This is one of my favorite quotes. Henry Ford was able to put his finger on exactly how some people think. He was a visionary, not looking at what is current but looking to the future. In order to be in design we need to think like Henry Ford. When you give people something great, that becomes the new benchmark. Instead of giving them a “faster horse” you give them the Model T.
On May 20th 2016, The FDA and Michelle Obama unveiled changes to the Nutrition Facts box that is found on all food packaging sold in the United States. They are the most significant changes since the Nutrition Labeling and Education Act (NLEA) was passed in 1990, requiring all packaged food to bear the standardized nutrition label and ingredient panel. The changes reflect new Scientific data on nutrition especially as it relates to sugar consumption.
The changes in a nutshell.
While the new label may look like the old one there are significant changes which the FDA feels will help consumers be better informed when making decisions about the nutritional value of the foods they purchase and consume.
The “iconic” look of the label remains, but we are making important updates to ensure consumers have access to the information they need to make informed decisions about the foods they eat. – FDA
One of the most noticeable changes is the bolding and increase in the font size for Calories and Serving Size, emphasizing the information and making it stand out. The serving size is now based on what consumers actually drink or eat instead of what they should be drinking or eating. For example, in a liter of soda, a serving size used to be 8 ounces and is now 12 ounces. Since people usually consume anything that is between one and two servings (like a 20 ounce soda) as one serving, the calories and other nutrients will be labeled as one serving in that instance. Also, there is now a “dual column” label that will be used if a product is larger than one serving but may be consumed as one serving, such as a 24 ounce soda. The consumer will then easily be able to see the one serving calorie and nutritional information as well as the entire package information.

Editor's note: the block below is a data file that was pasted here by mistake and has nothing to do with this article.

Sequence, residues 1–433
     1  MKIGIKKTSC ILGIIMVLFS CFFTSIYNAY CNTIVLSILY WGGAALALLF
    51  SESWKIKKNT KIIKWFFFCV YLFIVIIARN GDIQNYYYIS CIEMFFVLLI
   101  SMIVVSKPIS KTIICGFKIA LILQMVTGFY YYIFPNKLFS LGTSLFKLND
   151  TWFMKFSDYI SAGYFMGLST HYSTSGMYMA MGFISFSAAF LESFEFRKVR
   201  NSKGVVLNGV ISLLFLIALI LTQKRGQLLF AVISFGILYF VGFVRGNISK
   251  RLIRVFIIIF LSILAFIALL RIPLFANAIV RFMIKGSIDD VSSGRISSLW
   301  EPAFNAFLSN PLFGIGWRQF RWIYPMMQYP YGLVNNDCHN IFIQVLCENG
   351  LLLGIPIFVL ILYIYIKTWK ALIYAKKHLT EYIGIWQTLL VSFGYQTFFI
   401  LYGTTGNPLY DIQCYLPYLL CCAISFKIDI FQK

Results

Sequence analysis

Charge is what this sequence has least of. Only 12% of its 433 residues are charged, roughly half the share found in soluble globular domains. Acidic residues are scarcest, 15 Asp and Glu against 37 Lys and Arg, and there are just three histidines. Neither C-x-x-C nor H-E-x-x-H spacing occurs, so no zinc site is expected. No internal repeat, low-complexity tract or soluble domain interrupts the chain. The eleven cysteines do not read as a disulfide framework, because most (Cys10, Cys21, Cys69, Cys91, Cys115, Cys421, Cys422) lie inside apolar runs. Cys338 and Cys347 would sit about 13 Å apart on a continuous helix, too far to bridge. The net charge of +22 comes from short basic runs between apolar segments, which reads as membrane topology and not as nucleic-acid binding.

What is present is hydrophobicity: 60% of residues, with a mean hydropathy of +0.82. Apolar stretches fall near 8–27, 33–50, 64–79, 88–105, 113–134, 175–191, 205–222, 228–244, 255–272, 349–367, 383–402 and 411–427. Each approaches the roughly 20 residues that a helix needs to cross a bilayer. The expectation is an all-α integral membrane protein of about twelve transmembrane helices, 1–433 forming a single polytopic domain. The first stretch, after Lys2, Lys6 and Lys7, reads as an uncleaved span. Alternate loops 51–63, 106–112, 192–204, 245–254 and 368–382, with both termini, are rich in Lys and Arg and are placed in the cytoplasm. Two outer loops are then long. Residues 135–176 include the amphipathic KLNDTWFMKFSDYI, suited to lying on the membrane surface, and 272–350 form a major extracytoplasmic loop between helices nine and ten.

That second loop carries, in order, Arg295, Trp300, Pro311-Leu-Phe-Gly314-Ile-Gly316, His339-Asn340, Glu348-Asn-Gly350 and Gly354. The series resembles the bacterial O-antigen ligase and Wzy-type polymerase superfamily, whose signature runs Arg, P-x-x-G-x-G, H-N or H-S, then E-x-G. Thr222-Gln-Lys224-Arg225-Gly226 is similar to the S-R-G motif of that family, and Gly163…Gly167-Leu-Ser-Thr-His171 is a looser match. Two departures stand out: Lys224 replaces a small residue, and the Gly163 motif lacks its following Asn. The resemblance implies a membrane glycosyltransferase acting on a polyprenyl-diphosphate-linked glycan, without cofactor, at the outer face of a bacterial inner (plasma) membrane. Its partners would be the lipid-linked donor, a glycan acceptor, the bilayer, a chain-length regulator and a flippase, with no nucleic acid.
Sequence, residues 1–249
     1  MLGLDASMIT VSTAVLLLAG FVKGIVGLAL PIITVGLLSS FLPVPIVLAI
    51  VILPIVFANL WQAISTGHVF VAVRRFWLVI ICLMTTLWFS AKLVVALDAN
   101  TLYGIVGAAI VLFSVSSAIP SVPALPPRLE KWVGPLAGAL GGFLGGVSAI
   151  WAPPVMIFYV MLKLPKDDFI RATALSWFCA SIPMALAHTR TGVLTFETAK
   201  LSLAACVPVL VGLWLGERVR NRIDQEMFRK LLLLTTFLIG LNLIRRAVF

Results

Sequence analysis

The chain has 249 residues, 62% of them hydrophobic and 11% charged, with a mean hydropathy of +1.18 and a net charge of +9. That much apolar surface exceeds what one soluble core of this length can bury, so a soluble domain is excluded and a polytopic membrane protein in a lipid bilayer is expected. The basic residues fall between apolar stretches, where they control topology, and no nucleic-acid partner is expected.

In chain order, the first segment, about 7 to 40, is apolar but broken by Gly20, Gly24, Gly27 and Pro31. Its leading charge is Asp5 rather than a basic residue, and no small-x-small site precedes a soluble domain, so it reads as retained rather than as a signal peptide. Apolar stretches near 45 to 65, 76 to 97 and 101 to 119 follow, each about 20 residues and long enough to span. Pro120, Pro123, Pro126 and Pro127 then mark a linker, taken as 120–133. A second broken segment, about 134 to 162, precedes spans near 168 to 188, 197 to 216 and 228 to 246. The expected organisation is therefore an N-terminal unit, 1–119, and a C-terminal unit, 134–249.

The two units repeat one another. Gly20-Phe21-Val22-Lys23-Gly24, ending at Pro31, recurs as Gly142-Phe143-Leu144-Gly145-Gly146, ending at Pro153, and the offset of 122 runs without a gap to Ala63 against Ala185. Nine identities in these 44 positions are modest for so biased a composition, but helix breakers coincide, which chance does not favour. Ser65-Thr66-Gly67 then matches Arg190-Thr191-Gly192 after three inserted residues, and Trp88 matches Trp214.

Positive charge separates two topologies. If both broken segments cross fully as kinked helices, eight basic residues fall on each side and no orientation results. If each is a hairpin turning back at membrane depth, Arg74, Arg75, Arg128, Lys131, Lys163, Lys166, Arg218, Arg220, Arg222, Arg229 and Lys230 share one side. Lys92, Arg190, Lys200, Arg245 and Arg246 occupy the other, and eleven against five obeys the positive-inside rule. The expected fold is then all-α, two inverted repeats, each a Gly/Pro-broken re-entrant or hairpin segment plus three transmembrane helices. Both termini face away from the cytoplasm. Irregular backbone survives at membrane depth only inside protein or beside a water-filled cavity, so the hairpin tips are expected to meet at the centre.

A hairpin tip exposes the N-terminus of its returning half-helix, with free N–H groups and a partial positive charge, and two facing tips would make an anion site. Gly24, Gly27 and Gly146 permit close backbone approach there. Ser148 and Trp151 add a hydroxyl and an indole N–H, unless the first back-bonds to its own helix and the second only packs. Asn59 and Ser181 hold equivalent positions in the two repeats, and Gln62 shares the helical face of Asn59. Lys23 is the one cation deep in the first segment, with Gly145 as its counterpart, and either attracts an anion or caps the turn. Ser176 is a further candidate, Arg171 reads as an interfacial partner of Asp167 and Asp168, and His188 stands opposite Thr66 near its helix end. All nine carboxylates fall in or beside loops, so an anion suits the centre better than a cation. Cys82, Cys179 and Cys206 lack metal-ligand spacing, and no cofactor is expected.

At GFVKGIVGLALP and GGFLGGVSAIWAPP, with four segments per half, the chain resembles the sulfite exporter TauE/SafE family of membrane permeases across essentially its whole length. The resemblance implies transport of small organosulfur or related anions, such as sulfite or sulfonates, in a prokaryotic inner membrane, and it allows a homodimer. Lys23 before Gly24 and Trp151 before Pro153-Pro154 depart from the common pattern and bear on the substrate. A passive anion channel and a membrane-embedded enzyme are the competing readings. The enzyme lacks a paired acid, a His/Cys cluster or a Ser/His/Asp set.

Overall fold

There are some nutrients that are required that were not previously required such as Vitamin D and potassium, and some that have been dropped, but the main change to the content is in the new “added sugars”. This change is based on new scientific data that shows if you your daily calories are more than 10% sugars, it is hard to meet your nutrient needs and stay within your calorie limits. This number shows the amount of sugar that has been added verses the amount of sugars that naturally occur in some foods such as fruit.
Most manufacturers will need to be in compliance with the new labeling by July 26, 1918 but if you have less than $10 million in annual food sales you will have an extra year to comply.
If you and your team need help executing these new changes, give Arena Design a call. We will help guide you through the process.
We were pleased to be interviewed by SB Nation on our years designing trading cards for Fleer. Click on the link to read the entire article at sbnation.com. It was great reflecting on the diverse technologies we were able to explore while working on these iconic cards. The best thing about designing something like a baseball card is that they are cherished. Collectors hold on to them for their entire lives weather they have monetary value, which many do, or not. It is a rare occasion that a designer gets to work on a project with such longevity.